5 cases, 1 fatal, in Minnesota could be linked to shortage of vaccine, officials say,,,,
FRIDAY, Jan. 23 (HealthDay News) -- Over the past year, five Minnesota children have fallen ill -- one fatally -- with a germ that can cause meningitis, experts at the U.S. Centers for Disease Control and Prevention announced at a Friday press conference.
That's the highest number of cases recorded since 1992, when the vaccine for Haemophilus influenzae Serotype b (Hib) was first introduced, the CDC officials said. The last recorded death from Hib was in 1991.
"This is a situation we are quite disturbed about," said Dr. Ruth Lynfield, the Minnesota state epidemiologist. "The decrease in herd immunity we're seeing is likely related to the vaccine shortage."
"We've had [vaccine] supply problems during the last year with one U.S. manufacturer of the vaccine, Merck," said Dr. Anne Schuchat, director of the National Center for Immunization and Respiratory Diseases.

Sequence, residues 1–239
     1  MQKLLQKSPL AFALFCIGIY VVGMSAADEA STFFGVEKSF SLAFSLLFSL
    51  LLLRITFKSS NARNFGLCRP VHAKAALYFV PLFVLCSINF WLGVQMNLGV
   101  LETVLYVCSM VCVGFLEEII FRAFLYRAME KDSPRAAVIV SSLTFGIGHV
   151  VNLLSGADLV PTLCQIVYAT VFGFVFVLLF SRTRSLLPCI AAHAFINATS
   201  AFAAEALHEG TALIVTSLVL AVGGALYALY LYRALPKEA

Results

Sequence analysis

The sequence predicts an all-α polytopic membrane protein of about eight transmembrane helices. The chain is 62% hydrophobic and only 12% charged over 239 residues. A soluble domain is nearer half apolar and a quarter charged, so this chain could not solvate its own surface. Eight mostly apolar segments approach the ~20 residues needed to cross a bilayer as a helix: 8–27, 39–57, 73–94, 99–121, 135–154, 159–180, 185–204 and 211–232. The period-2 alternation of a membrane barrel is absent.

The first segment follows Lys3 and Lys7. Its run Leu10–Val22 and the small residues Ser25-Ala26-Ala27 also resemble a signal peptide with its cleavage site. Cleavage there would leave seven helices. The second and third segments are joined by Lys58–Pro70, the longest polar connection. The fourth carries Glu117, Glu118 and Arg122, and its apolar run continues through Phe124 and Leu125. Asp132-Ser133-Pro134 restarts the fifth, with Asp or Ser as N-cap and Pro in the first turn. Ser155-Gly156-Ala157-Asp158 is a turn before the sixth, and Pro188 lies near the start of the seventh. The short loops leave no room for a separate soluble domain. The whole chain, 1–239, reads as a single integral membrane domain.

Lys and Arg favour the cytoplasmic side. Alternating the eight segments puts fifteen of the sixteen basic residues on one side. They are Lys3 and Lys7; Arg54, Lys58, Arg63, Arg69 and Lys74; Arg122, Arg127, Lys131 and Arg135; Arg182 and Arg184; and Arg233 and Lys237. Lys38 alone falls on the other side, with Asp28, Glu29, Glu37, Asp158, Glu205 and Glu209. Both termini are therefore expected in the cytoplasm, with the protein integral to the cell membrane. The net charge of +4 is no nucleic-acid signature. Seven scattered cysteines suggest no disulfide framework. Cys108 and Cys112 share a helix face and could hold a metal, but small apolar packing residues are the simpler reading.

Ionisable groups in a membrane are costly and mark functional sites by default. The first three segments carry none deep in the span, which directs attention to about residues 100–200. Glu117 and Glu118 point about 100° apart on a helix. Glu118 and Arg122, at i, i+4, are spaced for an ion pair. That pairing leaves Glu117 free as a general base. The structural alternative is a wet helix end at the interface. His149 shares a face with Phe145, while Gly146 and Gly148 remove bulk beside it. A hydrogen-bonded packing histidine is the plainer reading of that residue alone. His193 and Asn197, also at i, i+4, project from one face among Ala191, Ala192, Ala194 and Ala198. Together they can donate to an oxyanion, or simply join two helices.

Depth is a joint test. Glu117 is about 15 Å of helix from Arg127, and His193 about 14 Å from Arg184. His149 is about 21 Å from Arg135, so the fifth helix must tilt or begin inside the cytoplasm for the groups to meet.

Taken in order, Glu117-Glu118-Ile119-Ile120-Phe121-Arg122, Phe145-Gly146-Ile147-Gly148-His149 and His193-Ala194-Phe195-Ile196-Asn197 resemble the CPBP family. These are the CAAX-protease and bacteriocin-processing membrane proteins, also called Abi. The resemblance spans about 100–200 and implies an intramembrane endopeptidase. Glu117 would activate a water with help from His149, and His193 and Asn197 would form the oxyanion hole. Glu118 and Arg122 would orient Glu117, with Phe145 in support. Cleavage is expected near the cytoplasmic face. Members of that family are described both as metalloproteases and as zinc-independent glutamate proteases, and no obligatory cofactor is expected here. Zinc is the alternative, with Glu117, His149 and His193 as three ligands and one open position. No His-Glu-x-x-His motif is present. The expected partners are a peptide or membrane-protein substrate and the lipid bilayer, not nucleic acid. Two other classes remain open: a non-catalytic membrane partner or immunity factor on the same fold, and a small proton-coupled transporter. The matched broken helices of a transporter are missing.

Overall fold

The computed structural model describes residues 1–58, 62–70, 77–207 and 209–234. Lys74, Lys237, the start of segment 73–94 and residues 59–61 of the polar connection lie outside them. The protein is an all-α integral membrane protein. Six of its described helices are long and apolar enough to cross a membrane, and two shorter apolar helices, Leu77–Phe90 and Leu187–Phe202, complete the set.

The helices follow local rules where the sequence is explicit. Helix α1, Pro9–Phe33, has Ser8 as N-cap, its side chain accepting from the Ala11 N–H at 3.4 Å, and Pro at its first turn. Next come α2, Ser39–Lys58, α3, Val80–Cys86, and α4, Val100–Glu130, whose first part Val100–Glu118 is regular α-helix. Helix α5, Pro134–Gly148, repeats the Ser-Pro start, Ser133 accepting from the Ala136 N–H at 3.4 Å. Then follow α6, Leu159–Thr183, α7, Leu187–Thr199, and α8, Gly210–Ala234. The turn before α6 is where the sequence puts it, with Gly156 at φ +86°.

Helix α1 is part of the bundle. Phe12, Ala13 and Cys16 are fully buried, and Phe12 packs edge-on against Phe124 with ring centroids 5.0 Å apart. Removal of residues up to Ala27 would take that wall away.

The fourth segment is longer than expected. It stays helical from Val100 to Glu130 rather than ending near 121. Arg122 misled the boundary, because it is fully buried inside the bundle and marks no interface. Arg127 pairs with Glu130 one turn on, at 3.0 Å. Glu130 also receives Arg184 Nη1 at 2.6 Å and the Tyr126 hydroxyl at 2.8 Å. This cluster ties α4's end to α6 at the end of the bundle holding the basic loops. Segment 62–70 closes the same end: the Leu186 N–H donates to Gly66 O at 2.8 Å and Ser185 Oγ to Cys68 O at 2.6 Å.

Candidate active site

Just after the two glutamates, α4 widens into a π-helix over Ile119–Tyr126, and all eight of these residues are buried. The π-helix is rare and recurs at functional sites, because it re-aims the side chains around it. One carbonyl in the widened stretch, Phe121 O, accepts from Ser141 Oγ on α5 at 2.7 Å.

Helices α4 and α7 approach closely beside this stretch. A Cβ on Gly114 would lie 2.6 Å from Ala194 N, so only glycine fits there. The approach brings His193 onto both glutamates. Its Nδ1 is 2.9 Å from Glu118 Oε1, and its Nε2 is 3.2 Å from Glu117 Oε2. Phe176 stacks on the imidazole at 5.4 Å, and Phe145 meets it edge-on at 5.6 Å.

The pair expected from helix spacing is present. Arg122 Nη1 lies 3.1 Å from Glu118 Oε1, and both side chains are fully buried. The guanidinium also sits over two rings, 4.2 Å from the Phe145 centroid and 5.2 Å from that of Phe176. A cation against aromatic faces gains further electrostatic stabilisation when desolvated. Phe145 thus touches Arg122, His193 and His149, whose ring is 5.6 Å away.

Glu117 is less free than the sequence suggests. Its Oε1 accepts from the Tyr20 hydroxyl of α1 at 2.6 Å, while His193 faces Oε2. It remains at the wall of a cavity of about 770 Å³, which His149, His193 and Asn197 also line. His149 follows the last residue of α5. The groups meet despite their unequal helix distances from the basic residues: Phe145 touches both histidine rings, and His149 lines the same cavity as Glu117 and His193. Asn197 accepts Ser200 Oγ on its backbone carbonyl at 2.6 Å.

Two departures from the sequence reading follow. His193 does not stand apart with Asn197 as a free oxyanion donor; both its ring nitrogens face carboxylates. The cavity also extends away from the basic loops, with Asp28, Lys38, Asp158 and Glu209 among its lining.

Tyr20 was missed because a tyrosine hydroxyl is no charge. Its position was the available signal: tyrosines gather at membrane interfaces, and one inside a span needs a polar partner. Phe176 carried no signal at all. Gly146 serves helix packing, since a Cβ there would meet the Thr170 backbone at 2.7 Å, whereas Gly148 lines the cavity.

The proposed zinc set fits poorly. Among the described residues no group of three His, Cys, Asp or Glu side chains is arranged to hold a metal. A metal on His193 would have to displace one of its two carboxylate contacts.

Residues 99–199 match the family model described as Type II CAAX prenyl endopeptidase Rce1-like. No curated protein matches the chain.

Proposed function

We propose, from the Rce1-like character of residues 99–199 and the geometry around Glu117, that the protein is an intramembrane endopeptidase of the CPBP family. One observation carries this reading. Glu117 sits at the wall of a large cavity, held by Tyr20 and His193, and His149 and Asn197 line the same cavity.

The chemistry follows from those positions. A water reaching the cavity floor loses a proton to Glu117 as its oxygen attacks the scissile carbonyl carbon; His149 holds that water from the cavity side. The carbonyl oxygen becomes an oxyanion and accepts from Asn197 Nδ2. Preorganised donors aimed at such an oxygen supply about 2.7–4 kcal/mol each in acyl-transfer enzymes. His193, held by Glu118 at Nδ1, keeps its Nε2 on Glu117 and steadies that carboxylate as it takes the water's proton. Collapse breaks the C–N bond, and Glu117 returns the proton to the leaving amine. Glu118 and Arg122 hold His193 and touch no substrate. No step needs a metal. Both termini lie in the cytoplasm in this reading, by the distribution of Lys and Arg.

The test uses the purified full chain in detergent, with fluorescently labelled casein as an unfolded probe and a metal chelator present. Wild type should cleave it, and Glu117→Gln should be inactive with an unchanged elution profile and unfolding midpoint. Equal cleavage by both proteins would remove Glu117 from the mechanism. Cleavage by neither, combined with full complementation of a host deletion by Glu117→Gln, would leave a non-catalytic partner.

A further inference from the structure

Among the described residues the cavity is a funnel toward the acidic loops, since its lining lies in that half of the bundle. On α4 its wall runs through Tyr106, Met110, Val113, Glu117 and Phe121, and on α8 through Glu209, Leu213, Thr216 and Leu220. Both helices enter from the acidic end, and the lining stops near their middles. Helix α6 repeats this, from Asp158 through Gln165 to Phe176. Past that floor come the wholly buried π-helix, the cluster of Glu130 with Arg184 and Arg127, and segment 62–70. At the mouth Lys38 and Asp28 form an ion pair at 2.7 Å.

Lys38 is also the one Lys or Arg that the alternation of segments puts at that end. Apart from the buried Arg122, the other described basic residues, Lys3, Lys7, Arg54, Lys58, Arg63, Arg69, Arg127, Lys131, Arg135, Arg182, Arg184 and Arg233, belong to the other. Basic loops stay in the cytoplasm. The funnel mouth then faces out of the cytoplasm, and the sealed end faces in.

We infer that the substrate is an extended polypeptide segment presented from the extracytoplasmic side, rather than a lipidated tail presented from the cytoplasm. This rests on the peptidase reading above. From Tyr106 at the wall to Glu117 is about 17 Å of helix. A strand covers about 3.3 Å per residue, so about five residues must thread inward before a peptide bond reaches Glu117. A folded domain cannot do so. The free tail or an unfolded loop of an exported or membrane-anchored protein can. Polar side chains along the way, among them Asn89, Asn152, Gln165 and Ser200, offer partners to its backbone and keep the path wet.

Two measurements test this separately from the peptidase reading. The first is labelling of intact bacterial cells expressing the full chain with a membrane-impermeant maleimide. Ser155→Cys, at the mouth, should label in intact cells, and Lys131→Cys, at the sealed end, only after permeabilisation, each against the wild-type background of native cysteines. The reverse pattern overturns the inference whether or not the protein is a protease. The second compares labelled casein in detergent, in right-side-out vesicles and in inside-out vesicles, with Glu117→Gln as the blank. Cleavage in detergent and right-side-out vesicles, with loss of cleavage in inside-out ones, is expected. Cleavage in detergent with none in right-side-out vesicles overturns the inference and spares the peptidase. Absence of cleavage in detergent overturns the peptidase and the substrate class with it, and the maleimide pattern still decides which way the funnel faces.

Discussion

The shortage may have played a role in flagging immunity among children, the experts said. "Community protection does not appear to be holding right now," Schuchat confirmed.
Because of the shortage, health officials had been deferring booster shots of the vaccine, normally given at 12 to 15 months. The primary series of the vaccine consists of three shots given at 2, 4 and 6 months of age.
But officials are reporting that some infants are not completing this primary series.
CDC officials are urging parents and health-care providers to ensure that infants finish their primary series of shots. They believe there is enough vaccine to cover that need. Schuchat added that she expected that the vaccine supply would return to higher levels by the summer.
"We don't know if the problem is occurring in other states, but we want to heighten awareness among doctors," Schuchat said. "We are trying to find out if the problem is bigge
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